Career and Life Disruption – Financial
The series is based on the advice from Glenn Zweig who I interviewed in the podcast episode, How to Switch Industries from Executive Search Consultants Perspective. I reflected back on my career and life and how I had dealt with disruption. What I found was my life was full of disruption.
In this series, I will discuss 4 kinds of disruption and how I handled each. The 4 are as follows:
In this post, I want to discuss financial disruptions that could occur due to your employer’s decisions and what can be done to minimize the effects.
Making Financial Decisions in a Time of Uncertainty
I left IBM in January of 2000 to work for a successful network processor startup Agere Inc. We were acquired by Lucent which I wrote about in part 3 of this series.
Lucent then spun off the Microelectronics Group in 2001 as Agere systems. When the spin-off started there were 18,500 employees but there were only 11,500 left when the spin-off was complete. Like so many other telecommunication equipment manufacturers Lucent/Agere Systems’ business was hemorrhaging due to reduced orders from telecommunication carriers.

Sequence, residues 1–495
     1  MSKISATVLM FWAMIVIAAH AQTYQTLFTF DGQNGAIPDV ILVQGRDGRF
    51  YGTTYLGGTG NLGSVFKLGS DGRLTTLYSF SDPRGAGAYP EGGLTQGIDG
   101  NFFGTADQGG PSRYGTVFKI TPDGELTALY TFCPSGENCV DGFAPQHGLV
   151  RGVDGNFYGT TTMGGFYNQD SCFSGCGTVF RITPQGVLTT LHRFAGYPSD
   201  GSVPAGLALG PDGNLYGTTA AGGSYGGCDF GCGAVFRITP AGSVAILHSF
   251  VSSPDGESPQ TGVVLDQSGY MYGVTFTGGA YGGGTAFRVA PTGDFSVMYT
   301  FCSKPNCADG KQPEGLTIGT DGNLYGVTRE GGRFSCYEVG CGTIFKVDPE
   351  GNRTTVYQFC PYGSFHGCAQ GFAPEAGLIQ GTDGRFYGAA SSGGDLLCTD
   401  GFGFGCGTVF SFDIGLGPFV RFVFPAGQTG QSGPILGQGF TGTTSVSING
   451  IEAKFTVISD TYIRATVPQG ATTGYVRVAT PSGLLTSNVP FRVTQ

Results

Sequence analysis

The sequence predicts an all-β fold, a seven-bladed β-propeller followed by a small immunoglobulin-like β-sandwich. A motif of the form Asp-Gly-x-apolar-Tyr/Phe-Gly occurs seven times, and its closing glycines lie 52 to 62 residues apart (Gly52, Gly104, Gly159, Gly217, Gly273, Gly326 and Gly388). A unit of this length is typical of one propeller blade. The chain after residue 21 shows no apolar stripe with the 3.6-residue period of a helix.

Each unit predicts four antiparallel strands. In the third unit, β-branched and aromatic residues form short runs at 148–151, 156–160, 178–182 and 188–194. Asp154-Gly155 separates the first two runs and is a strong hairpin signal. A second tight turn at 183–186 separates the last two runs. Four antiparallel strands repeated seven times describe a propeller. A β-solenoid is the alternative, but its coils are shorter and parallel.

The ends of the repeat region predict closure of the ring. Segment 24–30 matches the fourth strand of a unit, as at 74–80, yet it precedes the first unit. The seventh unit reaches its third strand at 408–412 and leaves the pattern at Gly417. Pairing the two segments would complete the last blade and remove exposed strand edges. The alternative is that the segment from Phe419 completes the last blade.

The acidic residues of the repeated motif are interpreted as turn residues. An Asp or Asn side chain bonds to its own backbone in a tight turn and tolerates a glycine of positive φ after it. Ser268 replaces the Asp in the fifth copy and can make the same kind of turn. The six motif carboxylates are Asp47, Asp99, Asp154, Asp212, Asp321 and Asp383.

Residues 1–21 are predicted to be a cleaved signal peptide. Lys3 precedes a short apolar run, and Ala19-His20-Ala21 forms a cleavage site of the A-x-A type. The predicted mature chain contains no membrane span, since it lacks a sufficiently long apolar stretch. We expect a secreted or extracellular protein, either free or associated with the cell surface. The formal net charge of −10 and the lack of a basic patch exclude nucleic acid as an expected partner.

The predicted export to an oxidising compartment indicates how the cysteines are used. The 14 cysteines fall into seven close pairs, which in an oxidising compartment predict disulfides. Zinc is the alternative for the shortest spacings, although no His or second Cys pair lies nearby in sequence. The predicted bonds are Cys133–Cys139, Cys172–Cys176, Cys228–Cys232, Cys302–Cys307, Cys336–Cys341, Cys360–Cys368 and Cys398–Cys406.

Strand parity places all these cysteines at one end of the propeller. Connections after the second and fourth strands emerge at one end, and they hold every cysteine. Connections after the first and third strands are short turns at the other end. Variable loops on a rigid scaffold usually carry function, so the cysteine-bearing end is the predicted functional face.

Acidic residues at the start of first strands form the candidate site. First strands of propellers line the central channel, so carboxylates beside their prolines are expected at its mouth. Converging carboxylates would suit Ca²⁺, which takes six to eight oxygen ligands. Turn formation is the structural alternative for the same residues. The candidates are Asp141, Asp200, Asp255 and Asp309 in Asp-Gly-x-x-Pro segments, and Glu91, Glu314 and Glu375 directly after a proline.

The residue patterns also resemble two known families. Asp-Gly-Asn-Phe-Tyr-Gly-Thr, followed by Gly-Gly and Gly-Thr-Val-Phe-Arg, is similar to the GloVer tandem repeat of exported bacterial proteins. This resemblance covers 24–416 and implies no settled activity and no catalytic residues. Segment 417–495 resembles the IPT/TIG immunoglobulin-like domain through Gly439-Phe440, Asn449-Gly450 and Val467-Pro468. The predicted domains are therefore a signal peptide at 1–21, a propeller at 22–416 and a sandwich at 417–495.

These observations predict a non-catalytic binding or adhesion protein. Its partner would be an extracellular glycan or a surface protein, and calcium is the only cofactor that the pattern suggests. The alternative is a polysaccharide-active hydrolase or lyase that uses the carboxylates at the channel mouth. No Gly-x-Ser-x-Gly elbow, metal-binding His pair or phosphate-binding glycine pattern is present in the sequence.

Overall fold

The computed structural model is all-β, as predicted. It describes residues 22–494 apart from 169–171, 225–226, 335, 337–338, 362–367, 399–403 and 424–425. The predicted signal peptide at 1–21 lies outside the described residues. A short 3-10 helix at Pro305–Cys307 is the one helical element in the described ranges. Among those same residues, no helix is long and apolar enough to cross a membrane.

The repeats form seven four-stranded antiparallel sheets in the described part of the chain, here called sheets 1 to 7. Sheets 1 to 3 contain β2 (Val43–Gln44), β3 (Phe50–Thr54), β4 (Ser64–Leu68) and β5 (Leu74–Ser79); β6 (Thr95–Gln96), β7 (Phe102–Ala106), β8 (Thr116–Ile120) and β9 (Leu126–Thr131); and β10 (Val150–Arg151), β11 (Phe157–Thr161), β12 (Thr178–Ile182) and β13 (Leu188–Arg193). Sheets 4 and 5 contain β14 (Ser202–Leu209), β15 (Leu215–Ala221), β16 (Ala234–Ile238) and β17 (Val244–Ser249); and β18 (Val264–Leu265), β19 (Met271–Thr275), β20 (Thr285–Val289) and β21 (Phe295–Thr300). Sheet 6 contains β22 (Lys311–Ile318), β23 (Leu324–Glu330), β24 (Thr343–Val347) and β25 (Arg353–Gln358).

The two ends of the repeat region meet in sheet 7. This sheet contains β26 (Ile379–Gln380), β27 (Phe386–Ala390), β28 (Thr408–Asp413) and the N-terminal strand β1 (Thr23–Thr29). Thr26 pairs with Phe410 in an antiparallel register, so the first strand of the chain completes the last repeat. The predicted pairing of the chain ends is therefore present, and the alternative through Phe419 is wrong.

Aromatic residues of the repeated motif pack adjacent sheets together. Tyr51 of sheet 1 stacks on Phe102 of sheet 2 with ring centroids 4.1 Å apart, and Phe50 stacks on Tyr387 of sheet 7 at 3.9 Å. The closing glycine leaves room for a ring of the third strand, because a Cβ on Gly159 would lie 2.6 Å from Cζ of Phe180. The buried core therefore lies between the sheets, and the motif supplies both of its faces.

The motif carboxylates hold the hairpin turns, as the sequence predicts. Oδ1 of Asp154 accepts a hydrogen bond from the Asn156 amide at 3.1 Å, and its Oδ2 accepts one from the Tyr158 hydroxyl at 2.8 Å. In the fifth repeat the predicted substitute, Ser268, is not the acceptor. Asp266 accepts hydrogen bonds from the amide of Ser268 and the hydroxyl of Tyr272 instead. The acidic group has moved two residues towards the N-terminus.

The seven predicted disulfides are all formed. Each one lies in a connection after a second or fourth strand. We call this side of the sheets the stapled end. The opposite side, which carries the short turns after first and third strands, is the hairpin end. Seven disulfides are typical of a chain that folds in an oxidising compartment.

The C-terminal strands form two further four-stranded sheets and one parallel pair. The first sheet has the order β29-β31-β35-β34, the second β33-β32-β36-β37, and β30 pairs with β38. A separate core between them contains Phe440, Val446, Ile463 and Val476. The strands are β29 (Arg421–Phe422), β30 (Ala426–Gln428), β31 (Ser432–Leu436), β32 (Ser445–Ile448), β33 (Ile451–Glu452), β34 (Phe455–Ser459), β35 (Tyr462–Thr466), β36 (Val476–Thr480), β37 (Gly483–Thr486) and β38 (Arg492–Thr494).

In 2002, I was on the team ranking individuals within our organization. This is a process that I never want to participate in again.
I was one of three managers in the area but had the smallest number of employees as I had only one employee at the time. We went about ranking everyone in the area.
The person at the bottom of the list was a young man that I had been mentoring on and off during previous year. He was in his late 20s and struggling both at work and in his personal life.
At the time we were receiving significant retention bonuses that our founder had negotiated when the original start-up was acquired. This young man had enough money to make a significant down payment on a house. All of the managers knew of his plan.
I then met with his manager and discussed telling him that buying the house at this time would be foolish. His manager was barred from telling him by company ethics policies, so we decided I would tell him over lunch.